Making Justice RealThe Official Blog of the Legal Aid Society of the District of Columbia
Legal Aid Client Prevails in Debt Collection Matter by Demanding Compliance with Proof Requirements
As a result of Legal Aid’s advocacy, a plaintiff debt collector recently agreed to dismiss a case against one of our clients that sought in excess of $10,000 in alleged debt, fees, and interest from credit card charges she allegedly made many years prior.
Ms. B came to Legal Aid because she had been sued for over $10,000 by a company that she did not recognize. The complaint stated that the lawsuit was based on her nonpayment of an old credit card debt and sought to collect that balance plus interest and attorney’s fees. Ms. B did not dispute having owned the credit card at issue, and she admitted that she had fallen behind on her payments several years ago after suffering a stroke. But she was not sure of the actual balance on the account, nor did she did not recognize the plaintiff as the same company that had issued the credit card to her decades ago. Because Ms. B’s only sources of income were social security and her small pension, she could not afford to pay anything on the debt. Ms. B. came to Legal Aid fearful of what would happen to her as a result of the lawsuit.
Legal Aid entered the case and asked the plaintiff — a debt-buyer company that purchases bad debts — for proof that it was the owner of Ms. B’s credit card account. In response, the plaintiff produced a series of documents intended to show that Ms. B’s credit card debt had been assigned or sold three different times in order to get from the original creditor to the plaintiff. However, the documentation did not identify Ms. B’s account, but instead showed only that hundreds or thousands of unidentified accounts were sold at once. It also contained dates that did not make sense with the alleged chronology of sales, and the plaintiff refused to include any of the actual assignment agreements.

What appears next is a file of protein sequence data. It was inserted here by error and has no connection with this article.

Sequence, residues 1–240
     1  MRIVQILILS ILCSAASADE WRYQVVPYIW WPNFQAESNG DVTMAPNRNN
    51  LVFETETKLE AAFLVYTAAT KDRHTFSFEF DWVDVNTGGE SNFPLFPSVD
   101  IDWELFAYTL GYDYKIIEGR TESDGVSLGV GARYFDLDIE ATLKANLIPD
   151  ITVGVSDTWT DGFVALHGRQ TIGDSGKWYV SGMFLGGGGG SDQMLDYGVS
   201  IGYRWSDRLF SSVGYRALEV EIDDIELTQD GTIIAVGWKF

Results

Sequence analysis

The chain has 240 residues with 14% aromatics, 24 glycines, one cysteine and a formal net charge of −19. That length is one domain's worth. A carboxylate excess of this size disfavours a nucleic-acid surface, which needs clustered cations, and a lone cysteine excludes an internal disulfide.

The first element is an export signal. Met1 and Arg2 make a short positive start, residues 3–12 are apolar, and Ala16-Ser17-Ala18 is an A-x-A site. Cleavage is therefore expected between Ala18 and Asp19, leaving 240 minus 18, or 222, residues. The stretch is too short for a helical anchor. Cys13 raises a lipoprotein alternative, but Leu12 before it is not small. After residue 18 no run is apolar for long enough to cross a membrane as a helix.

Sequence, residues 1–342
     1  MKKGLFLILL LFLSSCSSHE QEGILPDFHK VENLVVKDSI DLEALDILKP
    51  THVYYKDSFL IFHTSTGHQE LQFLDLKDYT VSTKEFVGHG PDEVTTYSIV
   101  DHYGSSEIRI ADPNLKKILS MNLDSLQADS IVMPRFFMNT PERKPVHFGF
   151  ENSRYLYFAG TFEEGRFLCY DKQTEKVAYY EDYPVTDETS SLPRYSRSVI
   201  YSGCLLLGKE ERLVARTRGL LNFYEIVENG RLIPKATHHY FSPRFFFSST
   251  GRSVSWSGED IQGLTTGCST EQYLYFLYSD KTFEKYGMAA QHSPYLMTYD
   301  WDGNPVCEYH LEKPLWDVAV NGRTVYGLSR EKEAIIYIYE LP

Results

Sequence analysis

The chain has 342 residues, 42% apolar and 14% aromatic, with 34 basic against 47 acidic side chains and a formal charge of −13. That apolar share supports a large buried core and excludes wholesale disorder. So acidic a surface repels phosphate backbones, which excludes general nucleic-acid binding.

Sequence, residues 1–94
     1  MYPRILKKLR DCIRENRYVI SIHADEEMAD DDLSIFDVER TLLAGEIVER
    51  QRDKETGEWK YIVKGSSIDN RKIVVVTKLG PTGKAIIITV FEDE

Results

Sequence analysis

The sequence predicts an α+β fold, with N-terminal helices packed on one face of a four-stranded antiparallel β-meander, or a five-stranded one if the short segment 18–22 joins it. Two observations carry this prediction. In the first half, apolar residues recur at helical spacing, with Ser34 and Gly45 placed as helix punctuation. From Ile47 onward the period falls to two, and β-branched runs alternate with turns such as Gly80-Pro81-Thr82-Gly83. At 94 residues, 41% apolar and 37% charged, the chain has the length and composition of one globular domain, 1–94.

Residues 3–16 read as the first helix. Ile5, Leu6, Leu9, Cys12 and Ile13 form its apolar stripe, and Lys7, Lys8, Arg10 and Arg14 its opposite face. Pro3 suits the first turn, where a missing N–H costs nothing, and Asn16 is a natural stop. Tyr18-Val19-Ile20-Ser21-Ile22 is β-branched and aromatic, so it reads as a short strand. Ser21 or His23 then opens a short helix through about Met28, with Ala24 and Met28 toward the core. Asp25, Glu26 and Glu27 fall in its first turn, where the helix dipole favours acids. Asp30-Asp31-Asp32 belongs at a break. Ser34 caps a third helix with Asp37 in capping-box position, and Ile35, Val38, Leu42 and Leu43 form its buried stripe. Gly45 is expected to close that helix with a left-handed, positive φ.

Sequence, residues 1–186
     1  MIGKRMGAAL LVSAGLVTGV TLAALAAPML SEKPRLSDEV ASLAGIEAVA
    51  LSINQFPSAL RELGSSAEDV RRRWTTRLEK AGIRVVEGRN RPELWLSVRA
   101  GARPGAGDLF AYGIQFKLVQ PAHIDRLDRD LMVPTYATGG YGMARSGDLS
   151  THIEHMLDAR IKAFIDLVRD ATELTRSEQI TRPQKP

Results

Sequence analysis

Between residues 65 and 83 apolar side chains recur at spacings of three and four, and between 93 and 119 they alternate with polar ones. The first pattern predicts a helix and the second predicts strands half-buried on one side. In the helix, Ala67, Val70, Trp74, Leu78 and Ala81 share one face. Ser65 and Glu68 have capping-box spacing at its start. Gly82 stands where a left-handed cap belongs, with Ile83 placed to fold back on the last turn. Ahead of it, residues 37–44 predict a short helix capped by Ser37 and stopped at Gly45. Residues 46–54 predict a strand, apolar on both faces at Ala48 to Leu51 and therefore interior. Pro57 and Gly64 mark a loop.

Legal Aid argued to the Court that the problems with plaintiff’s documentation showed that it could not in fact prove it was the true owner of Ms. B’s credit card account and therefore lacked the legal standing to sue her on the debt. Legal Aid explained that ownership of the account was a critical issue, because if Ms. B paid the plaintiff to settle or otherwise satisfy the debt and a different company revealed itself as the true owner, Ms. B would suffer duplicate liability on the same debt. Legal Aid argued that allowing the plaintiff to move forward with the case and try to recover from Ms. B under the circumstances would be both unfair and legally incorrect.
At a pre-trial hearing before the judge, Legal Aid stressed in particular that the plaintiff’s documents presented serious reliability issues and that the plaintiff would not be able to present sufficient evidence at trial to prove its case. Both parties and the judge agreed that a decision in the case could have a significant impact on the standards of proof required of debt-buyer companies in the District of Columbia. After oral arguments in front of the judge were complete, the plaintiff opted to dismiss the case against Ms. B rather than proceed to trial, and it promised never to sue her on the same debt again.